- One social network that I really enjoy recently is Pinterest. On Pinterest I can get a lot of ideas and inspiration from images posted from people all over the world. One category that I find especially inspiring is that of famous or popular quotes. Since results are tailored to your personal likes and shares (like all other social media), recently I see a lot of quotes about having courage, and taking charge of onces life.
Seeing these quotes regularly does give me courage, and I feel I am in need of it, because life doesn’t always go, or continue the way you want it to.
K and I have decided, that we need another change in our lives. We don’t want to move around and rent forever. We need to start thinking about our future. We need to use what advantages we have and take advantage of our opportunities. With my current visa situation and the (availability of ) current jobs and salaries here, there is really only one logical choice: I need to move and work in another province.
I’ve explained a little bit before but this is our situation, plain and simple.
Because I am married to a minority, I cannot easily switch to a visiting family visa. I must go to my home country and APPLY. It wouldn’t even be guaranteed that I would receive one. Right now we don’t have the money to attempt this course of action.
Because I am married to a minority, in QINGHAI, I have not been able to secure a job. Companies and organizations are enthusiastic to hire me, but when they learn about my husband, they say they cannot hire me because I’d never be given the work visa.
The payment for foreigners in Qinghai province is still very low in comparison to other provinces in China anyway, and even if I could get a job here, we would not be able to save properly toward an apartment.
The idea is to work hard and sacrifice for a few years, so that later we can relax and enjoy our more comfortable lives together and without as much stress. This is a familiar idea that I can get behind. It’s just that in America, people would find a way to do this and keep their families together if at all possible.
And they would continue to LIVE THEIR LIVES, making sure to do things and go places that are meaningful and to have bonding time as a family and a community.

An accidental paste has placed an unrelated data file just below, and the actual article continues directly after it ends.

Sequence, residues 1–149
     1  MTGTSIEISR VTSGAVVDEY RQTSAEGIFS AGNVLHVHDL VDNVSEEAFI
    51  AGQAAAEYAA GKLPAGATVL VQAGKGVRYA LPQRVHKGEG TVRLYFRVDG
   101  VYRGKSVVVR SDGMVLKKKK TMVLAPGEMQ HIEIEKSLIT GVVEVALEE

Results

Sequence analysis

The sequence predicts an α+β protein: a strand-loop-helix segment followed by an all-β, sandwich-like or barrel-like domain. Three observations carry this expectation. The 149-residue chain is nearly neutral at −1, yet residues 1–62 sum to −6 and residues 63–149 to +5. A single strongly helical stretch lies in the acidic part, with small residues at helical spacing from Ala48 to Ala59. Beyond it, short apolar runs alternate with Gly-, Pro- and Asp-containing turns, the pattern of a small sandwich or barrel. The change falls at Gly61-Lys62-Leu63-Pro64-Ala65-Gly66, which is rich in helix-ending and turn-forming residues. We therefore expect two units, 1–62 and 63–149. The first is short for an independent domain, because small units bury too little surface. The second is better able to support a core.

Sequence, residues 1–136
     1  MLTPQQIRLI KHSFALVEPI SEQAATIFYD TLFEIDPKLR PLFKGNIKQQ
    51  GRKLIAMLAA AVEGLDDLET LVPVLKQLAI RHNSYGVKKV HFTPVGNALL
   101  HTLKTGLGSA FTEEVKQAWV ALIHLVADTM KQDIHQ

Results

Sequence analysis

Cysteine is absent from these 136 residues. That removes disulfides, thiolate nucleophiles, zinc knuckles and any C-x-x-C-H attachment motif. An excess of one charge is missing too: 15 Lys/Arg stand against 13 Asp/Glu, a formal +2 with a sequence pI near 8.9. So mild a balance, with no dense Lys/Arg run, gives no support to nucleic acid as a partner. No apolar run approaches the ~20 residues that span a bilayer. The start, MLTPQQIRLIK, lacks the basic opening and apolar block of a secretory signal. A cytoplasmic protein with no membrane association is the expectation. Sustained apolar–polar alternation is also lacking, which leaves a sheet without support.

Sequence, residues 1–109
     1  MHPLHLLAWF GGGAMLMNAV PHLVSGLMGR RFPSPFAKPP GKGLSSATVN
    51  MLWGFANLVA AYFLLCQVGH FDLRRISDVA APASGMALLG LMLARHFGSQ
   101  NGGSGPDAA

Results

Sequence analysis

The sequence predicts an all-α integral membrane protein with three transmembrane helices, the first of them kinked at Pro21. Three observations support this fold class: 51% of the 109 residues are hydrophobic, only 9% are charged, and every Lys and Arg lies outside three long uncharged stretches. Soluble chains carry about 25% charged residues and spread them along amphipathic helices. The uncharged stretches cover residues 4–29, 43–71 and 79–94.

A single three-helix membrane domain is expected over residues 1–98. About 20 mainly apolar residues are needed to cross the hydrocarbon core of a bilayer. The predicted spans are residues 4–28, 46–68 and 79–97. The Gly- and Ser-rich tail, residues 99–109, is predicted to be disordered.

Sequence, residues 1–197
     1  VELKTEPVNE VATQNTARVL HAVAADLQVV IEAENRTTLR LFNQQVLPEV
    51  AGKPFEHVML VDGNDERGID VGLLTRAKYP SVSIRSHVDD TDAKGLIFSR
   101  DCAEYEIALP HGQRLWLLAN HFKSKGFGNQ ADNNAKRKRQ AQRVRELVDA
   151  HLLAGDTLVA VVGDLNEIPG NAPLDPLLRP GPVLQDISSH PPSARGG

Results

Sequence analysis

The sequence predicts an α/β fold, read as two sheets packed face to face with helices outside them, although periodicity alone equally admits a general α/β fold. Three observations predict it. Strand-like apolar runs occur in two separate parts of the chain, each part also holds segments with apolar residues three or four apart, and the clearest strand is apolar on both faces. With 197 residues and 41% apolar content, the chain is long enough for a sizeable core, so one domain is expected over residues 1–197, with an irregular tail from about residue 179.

So that’s where the cultural differences come in. When in Rome, do as the Romans do…right? Being separated from family here is a way of life. I’m sure most people don’t like it much, but since it is so ingrained into the modern way of life here, nobody bats an eye. I was even scolded by various in-laws upon our return to Xining, hearing things like “Why did you come back here? You can’t earn money here! Go to Shenzhen or Shanghai and get your finances sorted out!”
In any case, this current situation isn’t sustainable, so something has to be done. So I have decided to put a lot of thought into what MY next move should be (because NOTHING is going to change for him here, except that I will not be around). I’ve taken the following things in to consideration, to hopefully prevent another “Jiangsu” situation:
Choose a job that is not going to be soul destroying.
Choose a place that I can save as much money as possible in as little time as possible.
Choose a place where daily life activities will not be difficult to do, such as buying groceries, paying bills, meeting friends, etc.
Choose a place where I will have foreign friends and a support network
Choose a place that is something different, with new cultures, foods, environments, and histories to explore and enjoy
Therefore I ruled out Shenzhen and Shanghai. Though I could make a great deal of money there, I am not sure how much of it I could actually save. Cost of living is high, and when meeting my friends in these places, I’d be expected to shell out some serious cash on brunches at fancy trendy restaurants. I’d also visited and lived near these cities already and I feel like I’d like to explore something completely new.
One of the last areas of China that I have not yet lived in is Guangdong. Yes, the sweaty south. And there is a reason for that. It’s HOT. Like, all the time. and I just never thought it was worth it to deal with that, until now.
I’ve found a job in a city outside of Guangzhou. It is through and with a friend that I’ve known for more than two years. It is not a traditional school, but I will be doing education and teaching related work. It is a more family-like atmosphere and less like a prison. It is not in a downtown/high-cost area, so I’ll have everything I need located conveniently around, but at lower prices and with few money-wasting distractions. Hopefully with this situation, I have met every criteria.
So soon our lives will change dramatically once more, and of course our biggest concern is KL, because whatever we choose to do, she will be missing out on something. That is one thing that cannot be changed in all of this. But we are doing this for her future. To finally give her some real stability in her life, something that she has never experienced since her birth. Someday she will understand, and hopefully appreciate it.
I’ve been a blog slacker, I apologize, but I’ve been on my computer a lot these days doing other things. I’ve decided to get into Stock Photography. I did some research about it, and thought that I must have a lot of photographs that I’ve taken over the last 5 years that people may enjoy and find worth purchasing. For each sale, I get a percentage as a commission. So far I’ve sold four photos. Not bad for a newbie.